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Melbourne four-piece Cut Copy’s path takes a sharp turn inward on Freeze, Melt. A tonal reflection of the place it began and a sober reaction to an overconnected world, Freeze, Melt eschews folie for headier pastures. On their sixth album Cut Copy focus their energies on making the mind rather than the body dance to the kind of cold-steeled machine melody and subtle emotional manipulations that have lurked at the periphery of the Cut Copy oeuvre but never taken the spotlight. The genesis of Freeze, Melt goes back to an especially cold European winter of 2018, when Dan Whitford was based in Copenhagen and the subzero source casts ripples on the sound of the record.
“The music feels stasis-like, where time stands still, perspective flattens out and things take on a painterly abstraction,” Whitford says. “Like a still-life. Like living in an airlock. The palette is monochromatic and neutral. People have been here, but there are no people here.” If their last album, 2017’s Haiku From Zero, represented the band at their most refined and efficiently emotive, Freeze, Melt’s slow reveal feels more akin to 2016’s January Tape, an extended electronic meditation all but devoid of vocals that plays its hand slowly but sublimely. “It’s the most ‘electronic’ album we’ve made, but also the least ‘dance,’” says Whitford. “In the past when we were in the studio we were striving to move people on the dancefloor, but in this case, it was all about trying to move people in more of an emotional way.” Grayscale electronics, stiff rhythms and an austere atmosphere cast a cold shadow, recalling industrial, no wave and German synthesizer musics.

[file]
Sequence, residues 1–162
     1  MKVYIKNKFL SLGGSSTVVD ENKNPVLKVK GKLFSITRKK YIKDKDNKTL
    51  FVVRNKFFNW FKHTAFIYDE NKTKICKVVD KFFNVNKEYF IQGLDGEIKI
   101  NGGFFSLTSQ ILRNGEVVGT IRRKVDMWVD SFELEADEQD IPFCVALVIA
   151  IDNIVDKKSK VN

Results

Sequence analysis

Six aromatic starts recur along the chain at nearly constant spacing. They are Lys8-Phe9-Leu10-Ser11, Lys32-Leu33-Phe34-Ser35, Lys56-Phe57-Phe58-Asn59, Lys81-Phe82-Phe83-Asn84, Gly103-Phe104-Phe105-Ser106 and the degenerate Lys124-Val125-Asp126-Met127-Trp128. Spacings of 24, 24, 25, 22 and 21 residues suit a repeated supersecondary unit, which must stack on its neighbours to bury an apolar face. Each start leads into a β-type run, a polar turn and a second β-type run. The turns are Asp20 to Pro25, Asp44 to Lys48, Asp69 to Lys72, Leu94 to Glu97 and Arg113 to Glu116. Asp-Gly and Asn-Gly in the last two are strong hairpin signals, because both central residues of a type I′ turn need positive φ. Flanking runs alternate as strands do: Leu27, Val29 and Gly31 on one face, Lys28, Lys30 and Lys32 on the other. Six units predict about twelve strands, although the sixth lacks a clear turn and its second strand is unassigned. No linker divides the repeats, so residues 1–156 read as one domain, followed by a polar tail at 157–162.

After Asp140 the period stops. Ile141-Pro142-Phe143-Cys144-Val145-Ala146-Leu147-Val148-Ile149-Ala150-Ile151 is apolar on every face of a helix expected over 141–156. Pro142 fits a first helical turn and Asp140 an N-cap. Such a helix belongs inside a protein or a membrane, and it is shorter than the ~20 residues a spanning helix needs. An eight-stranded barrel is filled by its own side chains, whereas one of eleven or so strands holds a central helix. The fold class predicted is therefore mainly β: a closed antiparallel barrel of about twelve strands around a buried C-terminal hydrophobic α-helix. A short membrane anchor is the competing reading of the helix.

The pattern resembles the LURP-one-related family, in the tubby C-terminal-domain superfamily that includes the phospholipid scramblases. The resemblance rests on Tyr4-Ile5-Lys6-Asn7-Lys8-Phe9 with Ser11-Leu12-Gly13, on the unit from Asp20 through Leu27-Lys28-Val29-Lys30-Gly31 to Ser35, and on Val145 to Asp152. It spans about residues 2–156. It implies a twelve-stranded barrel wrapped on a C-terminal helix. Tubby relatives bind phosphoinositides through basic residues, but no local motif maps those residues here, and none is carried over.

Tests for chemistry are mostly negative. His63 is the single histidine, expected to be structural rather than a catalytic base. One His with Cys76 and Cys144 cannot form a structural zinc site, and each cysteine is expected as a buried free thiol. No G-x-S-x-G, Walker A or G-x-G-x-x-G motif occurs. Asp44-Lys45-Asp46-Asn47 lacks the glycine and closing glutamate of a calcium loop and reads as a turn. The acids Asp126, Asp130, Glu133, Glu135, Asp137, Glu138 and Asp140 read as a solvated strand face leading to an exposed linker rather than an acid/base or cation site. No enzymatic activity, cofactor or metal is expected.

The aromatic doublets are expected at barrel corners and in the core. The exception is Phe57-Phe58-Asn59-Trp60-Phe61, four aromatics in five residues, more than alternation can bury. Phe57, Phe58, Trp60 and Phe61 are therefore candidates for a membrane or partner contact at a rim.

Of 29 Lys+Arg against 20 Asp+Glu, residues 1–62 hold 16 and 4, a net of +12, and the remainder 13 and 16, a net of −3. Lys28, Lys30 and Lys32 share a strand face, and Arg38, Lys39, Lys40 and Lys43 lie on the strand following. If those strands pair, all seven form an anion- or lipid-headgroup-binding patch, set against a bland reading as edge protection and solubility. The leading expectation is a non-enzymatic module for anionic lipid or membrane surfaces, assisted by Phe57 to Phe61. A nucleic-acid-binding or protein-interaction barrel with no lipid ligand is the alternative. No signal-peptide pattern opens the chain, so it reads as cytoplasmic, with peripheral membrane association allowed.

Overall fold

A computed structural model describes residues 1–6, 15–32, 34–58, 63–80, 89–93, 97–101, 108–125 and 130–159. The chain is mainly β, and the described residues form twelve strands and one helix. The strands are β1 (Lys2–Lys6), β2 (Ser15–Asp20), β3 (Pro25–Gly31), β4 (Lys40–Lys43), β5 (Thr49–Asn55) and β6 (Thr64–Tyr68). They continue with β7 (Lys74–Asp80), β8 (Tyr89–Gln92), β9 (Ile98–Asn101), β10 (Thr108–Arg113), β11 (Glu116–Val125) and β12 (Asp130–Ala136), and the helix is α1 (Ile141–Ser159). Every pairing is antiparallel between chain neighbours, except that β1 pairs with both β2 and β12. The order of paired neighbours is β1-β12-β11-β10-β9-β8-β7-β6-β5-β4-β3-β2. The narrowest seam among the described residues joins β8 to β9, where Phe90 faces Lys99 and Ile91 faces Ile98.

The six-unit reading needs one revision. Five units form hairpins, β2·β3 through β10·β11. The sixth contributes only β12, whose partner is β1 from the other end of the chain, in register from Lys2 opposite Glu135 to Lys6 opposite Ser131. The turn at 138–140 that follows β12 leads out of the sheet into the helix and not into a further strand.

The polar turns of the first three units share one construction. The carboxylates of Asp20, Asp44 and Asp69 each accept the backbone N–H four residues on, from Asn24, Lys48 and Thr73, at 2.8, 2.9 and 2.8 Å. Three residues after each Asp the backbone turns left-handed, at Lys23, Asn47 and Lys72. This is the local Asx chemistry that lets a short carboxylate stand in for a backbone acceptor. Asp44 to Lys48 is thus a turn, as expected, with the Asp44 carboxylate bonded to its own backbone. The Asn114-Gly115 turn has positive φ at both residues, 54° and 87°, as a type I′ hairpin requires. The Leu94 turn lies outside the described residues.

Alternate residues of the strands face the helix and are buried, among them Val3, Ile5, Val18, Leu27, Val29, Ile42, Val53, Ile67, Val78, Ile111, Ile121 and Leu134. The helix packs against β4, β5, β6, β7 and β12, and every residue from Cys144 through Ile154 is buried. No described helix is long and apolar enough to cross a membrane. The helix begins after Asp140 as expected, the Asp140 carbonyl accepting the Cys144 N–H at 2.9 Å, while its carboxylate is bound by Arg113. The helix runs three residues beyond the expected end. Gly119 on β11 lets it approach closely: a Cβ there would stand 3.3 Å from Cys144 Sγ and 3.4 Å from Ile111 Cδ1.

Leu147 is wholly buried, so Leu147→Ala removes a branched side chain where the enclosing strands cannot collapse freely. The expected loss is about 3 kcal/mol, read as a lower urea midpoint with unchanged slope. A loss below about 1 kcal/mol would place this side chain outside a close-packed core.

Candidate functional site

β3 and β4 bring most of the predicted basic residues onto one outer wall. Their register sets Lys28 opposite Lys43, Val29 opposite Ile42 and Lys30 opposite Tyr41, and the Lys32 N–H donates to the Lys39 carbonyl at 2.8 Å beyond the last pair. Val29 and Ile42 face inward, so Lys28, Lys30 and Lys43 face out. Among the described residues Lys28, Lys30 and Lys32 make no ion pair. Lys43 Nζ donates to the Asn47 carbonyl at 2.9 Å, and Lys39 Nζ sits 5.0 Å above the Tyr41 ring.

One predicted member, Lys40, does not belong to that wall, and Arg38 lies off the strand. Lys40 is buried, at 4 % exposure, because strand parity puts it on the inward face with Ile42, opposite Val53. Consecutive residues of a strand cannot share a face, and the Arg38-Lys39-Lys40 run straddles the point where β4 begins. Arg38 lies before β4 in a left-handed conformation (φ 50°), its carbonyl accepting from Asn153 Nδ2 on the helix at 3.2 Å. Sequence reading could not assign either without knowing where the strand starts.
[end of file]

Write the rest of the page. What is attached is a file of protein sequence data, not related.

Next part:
In contrast to this, there’s a vitality at the core of Cut Copy that can’t be completely suppressed, showing itself in waves of beatific electronica, triumphant polyrhythmic grooves and post-rave ambient reverie. “Cold Water” draws on the duality, with stoic chiming machine melodies giving way to midnight sun revelation, while “Like Breaking Glass” goes further into the light via enraptured arpeggiators and roto-rhythm. “Love Is All We Share” breathes a universal truth, expanding and contracting into deep space via keyboard morse code and choirs of cyborgs, before “Running In The Grass” soars from mutant percussive melodies to a sky-high chorus rush. “Transit” closes the set with a poignant dose of floating futurist melancholia, celestial keyboards spinning towards a final supernova. Lyrically, Freeze, Melt ponders love in strange times. A time unprecedented in terms of constant connectivity, but when methods of interfacing are un-IRL. When everything is likable, but the outside world becomes increasingly volatile and problematic. Freeze, Melt begs the question - how do we love in a time when the world is falling apart? Following Whitford’s initial sketches in Denmark, the band regrouped in suburban Melbourne to record at a studio ensconced in forest, surrounded by native birds. The record returned to Scandinavia to be mixed in Gothenburg, Sweden by Christoffer Berg (The Knife), closing the loop and inscribing Scandinavia in the record’s DNA. Dark days and utopian dreams. Art and A.I.. Love ultimately saves the day. Freeze, Melt. Cut Copy are Dan Whitford, Tim Hoey, Ben Browning and Mitchell Scott.